Create Balance With Your Posture
Good posture is more than “stand up straight”. Knowing what good posture is can help us all improve our own. The spine has 2 natural curves that you need to maintain. These are the curves found from the base of your head to your shoulders and the curve from the upper back to the base of your spine. When observing your posture, you can use a mirror to line up your ears, shoulders and hips. These points make a straight line, but the spine itself curves in a slight “S”.
Posture can be changed for the better, but as it likely took a long time to decline, it will take some time to improve. Good postural awareness and habits should be practiced daily - when you’re driving, walking, or even relaxing on the couch. Eventually it will become your body’s natural alignment.
Recently during COVID-19, children and adolescents have new problems to deal with when it comes to spine health. Increased use of computers and phones in poor forward head position puts us at risk of improper posture known as “text neck.” Tilting the head down for hours at a time does more damage than you realize. Did you know that the average human head weights about 12 pounds? As the neck bends forward and down, the head’s weight increases to 27-60 pounds depending on the angle. Imagine carrying an 8 year-old around your neck several hours per day! It can cause soreness, inflammation, muscle strain, pinched nerves, herniated disks, and more. Ultimately, these things can lead to headaches, reduced lung capacity, neurological issues, heart disease and depression.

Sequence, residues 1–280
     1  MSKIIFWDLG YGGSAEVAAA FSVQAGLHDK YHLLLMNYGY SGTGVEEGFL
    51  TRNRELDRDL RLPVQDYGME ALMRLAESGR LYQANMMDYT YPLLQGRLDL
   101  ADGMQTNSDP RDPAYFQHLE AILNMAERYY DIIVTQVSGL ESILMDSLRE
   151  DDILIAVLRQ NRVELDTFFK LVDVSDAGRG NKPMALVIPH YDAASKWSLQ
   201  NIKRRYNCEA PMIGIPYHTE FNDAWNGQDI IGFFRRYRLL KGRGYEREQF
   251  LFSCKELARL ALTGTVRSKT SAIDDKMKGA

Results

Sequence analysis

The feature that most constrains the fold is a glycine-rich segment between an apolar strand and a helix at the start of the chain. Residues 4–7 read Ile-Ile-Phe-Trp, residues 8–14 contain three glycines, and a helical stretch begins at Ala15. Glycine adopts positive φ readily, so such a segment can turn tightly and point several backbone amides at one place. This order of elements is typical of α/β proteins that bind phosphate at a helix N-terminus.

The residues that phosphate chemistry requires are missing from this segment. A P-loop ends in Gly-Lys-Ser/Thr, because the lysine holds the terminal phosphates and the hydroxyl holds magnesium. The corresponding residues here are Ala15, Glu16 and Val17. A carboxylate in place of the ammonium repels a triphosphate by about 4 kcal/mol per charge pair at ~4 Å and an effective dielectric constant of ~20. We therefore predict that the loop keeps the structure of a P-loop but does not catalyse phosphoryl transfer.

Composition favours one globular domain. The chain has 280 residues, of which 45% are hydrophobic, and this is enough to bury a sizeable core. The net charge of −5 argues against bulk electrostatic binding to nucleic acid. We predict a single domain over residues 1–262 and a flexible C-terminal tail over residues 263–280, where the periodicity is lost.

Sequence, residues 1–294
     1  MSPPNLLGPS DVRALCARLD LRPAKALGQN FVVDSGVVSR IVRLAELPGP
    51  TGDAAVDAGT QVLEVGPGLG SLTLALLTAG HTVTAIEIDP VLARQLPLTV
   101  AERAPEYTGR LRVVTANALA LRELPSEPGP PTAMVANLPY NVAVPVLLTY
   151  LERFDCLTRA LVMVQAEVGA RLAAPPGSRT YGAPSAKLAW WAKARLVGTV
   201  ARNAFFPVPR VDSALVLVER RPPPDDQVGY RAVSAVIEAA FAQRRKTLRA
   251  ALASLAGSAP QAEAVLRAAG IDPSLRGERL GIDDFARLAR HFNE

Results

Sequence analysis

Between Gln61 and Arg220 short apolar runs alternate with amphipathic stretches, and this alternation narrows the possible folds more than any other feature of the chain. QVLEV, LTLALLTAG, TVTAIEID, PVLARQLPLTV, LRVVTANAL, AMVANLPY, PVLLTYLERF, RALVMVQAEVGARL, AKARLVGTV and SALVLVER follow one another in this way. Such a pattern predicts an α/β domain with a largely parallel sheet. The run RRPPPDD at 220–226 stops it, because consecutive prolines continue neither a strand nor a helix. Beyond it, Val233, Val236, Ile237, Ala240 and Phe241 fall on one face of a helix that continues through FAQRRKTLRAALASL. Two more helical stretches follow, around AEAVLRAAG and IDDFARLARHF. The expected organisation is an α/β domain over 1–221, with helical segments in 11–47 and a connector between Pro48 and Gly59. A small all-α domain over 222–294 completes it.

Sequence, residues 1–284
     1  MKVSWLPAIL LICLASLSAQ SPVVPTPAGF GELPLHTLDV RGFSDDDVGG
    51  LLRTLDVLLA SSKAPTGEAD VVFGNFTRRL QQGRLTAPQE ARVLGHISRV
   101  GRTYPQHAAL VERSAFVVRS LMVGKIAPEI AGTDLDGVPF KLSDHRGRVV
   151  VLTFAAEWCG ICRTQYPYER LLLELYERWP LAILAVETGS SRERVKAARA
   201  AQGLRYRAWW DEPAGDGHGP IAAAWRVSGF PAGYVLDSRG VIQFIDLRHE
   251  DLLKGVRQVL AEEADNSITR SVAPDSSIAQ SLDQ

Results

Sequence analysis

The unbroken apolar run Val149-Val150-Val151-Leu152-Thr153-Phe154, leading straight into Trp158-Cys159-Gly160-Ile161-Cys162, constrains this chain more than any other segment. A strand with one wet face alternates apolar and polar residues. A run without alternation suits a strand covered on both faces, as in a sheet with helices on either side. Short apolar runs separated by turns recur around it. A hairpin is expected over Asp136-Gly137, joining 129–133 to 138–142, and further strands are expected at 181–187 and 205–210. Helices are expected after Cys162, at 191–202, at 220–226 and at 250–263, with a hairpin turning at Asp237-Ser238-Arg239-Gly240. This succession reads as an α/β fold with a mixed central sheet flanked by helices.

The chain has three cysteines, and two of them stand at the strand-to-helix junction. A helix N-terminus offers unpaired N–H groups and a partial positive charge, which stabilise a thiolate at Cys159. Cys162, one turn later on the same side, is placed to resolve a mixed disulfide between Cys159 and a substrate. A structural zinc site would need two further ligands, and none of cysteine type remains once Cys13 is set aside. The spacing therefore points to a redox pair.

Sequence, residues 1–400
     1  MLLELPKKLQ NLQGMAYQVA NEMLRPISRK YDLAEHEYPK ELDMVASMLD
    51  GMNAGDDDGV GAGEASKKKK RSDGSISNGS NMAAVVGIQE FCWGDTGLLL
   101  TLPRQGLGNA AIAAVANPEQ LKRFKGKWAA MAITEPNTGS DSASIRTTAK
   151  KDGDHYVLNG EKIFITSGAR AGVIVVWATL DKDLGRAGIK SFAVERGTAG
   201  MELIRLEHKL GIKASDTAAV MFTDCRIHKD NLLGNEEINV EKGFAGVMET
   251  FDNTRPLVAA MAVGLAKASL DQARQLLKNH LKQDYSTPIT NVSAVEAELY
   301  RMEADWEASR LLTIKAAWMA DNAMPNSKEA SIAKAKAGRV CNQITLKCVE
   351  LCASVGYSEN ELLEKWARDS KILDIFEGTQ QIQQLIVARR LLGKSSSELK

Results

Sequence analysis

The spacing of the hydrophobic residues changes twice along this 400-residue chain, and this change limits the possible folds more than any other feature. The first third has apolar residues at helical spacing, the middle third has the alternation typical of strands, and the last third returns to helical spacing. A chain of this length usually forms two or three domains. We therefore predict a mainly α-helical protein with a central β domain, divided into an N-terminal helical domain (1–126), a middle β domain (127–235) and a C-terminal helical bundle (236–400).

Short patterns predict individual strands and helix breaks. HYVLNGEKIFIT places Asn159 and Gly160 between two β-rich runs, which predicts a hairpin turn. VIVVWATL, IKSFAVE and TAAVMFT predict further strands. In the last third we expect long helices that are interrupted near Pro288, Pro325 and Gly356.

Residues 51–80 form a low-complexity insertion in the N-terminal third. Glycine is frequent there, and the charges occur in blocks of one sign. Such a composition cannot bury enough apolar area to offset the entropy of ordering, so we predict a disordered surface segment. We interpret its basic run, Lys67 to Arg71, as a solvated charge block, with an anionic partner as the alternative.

Educate your kids and yourself on proper work station set up. It's best to be sitting in a regular chair, with your feet on the ground, devices at eye level, and shoulders, back, & neck in neutral position.
Poor posture is not always from a “bad habit” but can be a result of other factors. Inflexible muscles are one example. Tight hip flexors from prolonged sitting can pull the upper body forward and that includes the neck, shoulders, and back. This then changes where our center of gravity is located, which can create balance issues over time. Tight chest muscles are very common with prolonged desk work and can lead to weak muscles in the upper back.. If you are not stretching these areas, you may be at risk of shoulder, neck, and back problems.
Exercise can improve your posture, which leads to better balance. If you are leaning forward while walking and sitting, then you know your balance can be compromised. Start with a self- posture assessment to see where you are. You could also try working with a PT (at PT360 of course!) to learn what areas that are weak & tight, and together come up with a plan. A comprehensive stretching and strengthening program can be beneficial for all of us to keep our posture and balance in check.